@Linesource- My present situation requires a listening room quite similar to yours(12 X 13). My listening tastes lean more to realistic SPLs, however. Even at lower listening levels; the room was easily overloaded by reverberation/slap echo, and sounded terrible before treatment. I believe anyone in the know agrees that rooms do not/can not add anything beneficial to what your system is reproducing. I've been using Maggies(SMG, MMG and MG12) in this room, for the past couple decades. The frequencies below 250Hz are actively crossed over(and DSP corrected) to a solid state amp(400WPC) and a pair of transmission line woofers. The rest to a pair of Cary SLM-100s and the Maggies. About 12 years ago; I tried a Cary Rocket 88(40WPC/Ultralinear) in the system. Even without having to reproduce the octaves below Middle C, the Rocket 88 ran out of steam at very moderate listening levels(Jazz/Blues). With a 35WPC tube amp, reproducing the full musical spectrum; you CAN listen to music, but- don't expect much in the way of dynamics. With Maggies in a small room; a good treatment configuration is Auralex behind the listening position(mine is from 3Ft above the floor, to the ceiling/LENRDs in the corners) and a couple foam dispersion panels, on the wall, behind the Maggies. As beamy as they are; I haven't found any problem from side wall or ceiling reflections(panels placed on the long end of the room, 18" from side walls/32" from back, tweeters on the outside and my listening position: 24" from the back wall). That provides kind of a near-field experience, but with the right choice of components(cables/tubes/sources & source material), I'm enjoying a soundstage that extends beyond the walls, and with excellent imaging. I've thought about trying the 1.7, but- it occurs to me, given that everything in the lower part of the spectrum is handled by the woofers; the new Maggie .7 might be a better choice for my room(and, perhaps yours, if prominent bass isn't an issue). By all means: try a pair of Maggies, with your tube amp and see if you can reach an SPL that satisfies you. Experimentation is a huge part of the enjoyment in this hobby(and/or profession). Post your results, please!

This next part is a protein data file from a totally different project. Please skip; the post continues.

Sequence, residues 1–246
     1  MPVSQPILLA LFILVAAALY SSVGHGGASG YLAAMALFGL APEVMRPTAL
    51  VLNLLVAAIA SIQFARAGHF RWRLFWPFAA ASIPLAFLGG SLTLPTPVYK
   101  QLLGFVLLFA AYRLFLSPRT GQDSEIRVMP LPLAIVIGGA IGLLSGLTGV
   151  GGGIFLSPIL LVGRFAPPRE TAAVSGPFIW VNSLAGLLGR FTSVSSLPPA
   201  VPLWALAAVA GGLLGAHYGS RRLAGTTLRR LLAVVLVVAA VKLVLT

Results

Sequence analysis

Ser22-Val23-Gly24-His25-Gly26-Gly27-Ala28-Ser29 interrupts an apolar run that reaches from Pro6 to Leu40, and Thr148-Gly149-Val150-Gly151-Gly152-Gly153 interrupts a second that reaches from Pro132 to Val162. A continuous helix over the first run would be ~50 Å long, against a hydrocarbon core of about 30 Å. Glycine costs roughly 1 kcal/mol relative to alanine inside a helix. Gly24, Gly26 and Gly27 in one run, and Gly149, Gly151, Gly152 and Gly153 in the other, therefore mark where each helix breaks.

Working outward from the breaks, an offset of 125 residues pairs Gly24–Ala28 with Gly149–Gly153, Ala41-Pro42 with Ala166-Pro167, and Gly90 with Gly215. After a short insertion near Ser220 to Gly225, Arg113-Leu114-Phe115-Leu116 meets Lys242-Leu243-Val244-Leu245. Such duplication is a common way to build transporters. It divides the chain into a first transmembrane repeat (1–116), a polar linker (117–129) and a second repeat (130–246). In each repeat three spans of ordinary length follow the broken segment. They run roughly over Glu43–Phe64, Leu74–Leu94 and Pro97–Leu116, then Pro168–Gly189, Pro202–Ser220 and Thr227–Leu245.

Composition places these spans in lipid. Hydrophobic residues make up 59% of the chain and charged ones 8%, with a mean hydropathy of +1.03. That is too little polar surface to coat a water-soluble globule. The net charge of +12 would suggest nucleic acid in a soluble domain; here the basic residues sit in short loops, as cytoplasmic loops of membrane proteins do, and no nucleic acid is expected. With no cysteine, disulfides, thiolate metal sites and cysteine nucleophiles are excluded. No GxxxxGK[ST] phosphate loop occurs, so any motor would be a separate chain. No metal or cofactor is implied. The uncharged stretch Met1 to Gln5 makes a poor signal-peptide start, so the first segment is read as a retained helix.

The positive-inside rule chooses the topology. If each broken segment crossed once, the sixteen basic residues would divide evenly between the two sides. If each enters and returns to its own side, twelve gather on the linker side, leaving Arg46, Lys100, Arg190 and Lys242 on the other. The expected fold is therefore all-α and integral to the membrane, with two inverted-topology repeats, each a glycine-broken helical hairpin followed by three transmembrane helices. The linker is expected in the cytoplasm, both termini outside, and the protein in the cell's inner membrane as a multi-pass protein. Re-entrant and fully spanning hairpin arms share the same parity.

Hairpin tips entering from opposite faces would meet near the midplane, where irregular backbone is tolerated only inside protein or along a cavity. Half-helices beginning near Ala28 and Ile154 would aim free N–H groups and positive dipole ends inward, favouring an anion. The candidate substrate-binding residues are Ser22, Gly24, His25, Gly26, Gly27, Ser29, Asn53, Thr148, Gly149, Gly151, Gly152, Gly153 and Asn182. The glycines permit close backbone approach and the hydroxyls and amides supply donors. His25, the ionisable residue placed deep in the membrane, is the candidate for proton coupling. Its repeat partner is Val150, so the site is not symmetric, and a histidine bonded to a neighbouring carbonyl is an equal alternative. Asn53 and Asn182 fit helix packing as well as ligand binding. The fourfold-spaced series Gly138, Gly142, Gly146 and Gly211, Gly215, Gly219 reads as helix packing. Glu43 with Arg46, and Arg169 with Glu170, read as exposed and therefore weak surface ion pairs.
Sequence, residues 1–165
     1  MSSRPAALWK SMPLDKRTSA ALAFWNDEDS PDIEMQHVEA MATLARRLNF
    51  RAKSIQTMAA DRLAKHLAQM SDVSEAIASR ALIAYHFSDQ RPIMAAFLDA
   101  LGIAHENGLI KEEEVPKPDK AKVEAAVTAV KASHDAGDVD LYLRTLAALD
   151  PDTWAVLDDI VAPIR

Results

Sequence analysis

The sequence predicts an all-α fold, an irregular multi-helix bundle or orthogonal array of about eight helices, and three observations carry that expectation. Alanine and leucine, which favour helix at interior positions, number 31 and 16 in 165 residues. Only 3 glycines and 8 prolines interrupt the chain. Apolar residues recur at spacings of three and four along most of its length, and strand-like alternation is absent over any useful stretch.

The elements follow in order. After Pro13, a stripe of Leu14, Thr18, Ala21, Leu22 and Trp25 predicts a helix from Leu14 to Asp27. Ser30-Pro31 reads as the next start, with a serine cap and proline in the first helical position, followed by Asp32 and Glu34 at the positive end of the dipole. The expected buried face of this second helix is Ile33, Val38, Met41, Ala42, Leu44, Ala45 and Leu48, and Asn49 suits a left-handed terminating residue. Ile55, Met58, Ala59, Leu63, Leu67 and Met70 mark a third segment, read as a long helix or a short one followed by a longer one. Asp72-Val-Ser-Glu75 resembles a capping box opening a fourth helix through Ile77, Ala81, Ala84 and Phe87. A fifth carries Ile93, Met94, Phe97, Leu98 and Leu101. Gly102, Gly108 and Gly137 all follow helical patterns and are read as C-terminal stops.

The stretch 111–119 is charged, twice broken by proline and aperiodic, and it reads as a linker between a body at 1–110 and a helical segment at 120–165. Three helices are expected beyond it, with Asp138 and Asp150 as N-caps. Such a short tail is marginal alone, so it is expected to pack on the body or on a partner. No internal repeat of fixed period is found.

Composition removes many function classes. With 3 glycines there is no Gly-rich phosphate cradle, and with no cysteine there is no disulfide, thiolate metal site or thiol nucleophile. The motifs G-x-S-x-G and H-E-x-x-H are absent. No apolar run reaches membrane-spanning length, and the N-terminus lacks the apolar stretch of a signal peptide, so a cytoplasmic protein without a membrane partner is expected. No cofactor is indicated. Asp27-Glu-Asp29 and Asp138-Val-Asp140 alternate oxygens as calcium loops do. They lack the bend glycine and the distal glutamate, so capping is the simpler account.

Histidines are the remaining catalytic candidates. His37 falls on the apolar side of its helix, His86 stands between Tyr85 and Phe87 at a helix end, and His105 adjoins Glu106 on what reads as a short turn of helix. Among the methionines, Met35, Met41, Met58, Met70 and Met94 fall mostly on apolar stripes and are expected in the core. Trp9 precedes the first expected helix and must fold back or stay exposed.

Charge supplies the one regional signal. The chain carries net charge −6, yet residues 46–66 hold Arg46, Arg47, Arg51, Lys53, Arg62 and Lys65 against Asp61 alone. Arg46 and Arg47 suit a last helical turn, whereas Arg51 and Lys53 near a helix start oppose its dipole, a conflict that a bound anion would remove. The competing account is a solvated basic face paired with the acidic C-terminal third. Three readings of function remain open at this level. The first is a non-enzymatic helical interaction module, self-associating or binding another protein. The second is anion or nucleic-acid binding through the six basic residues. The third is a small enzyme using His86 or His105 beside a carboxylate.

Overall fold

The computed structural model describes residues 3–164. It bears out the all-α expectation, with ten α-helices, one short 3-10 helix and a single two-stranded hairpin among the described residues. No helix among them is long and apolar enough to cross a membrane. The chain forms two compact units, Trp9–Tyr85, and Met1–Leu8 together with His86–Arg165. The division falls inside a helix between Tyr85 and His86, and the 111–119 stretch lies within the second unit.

Pc123v, I used an 18 watt tube amp in my 12x12 room with the MG12s setup in a diagonal configuration and had no problem at normal listening levels.
A loud level for me is anything over 80db when measured approximately 8 feet from the speakers. Normal listening for me is 68-75 db. These figures quoted for 105-110 db are irrelevant to me. First off I won't subject my 60-year-old ears to those levels and secondly, a small room can't handle that kind of sound pressure. It just won't sound good.
When I sold the Maggies I demoed them for a local buyer with both a 100 watt ss amp and the 18 watt tube amp. They performed well with both.
This may sound unresponsive but any good quality speaker paired with high quality components will sound much much better than mediocre speakers paired with mediocre components. The real question is whether or not these components are delivering their maximum potential in these respective arrangements. I have no doubt I would love the experience if I stuck a pair of Wilson's XXX (fill in the blanks) hooked up to an Audio Research Ref-XXX amp and Ref-X preamp in my basement.... but .....Sorry just could not resist.
I have had mmgs and mg12s in a room a little smaller than yours 10x11. 12in diameter/4ft tall foam column 2ft behind speakers, back wall fully covered with auralex, side walls partially covered, top corners treated, and it sounded great! I have had many speakers in that room, Magnepan and monitors worked the best. I probably could have had the bigger 1.6 back then, but I was very pleased with mg12.
In general, I would not recommend Magnepans in small rooms. I went from having my Maggies 4' off the front wall to 9' & 7' (uneven front wall), and the difference was massive. You really hamstring the speaker by having them close to the front wall and are probably better off getting a different brand.
My room is 12 x 15 x 8 just upgraded from 1.7i to 3.7 i. Don't be scared of large Maggies in a small room the sound is totally amazing you get more of everything. Also upgraded amp from Emotiva ( which kept blowing) to Parasound Halo integrated a match made in heaven. Plenty of power and great sound.
My first home had a 15' wide x 23' long room with 10' ceiling and one end perfect for audio... the back of the room had a big stairway going upstairs. I had Vandersteen 2c with Counterpoint... it was wonderful.
Now I have 1.7i in a 12' x 23' with 8'6" coffin style ceiling. I have found that my Maggies like being about 5' from the rear wall and 6" from the side walls.... but nothing sounds good in a bad room. Do room treatment before buying anything else.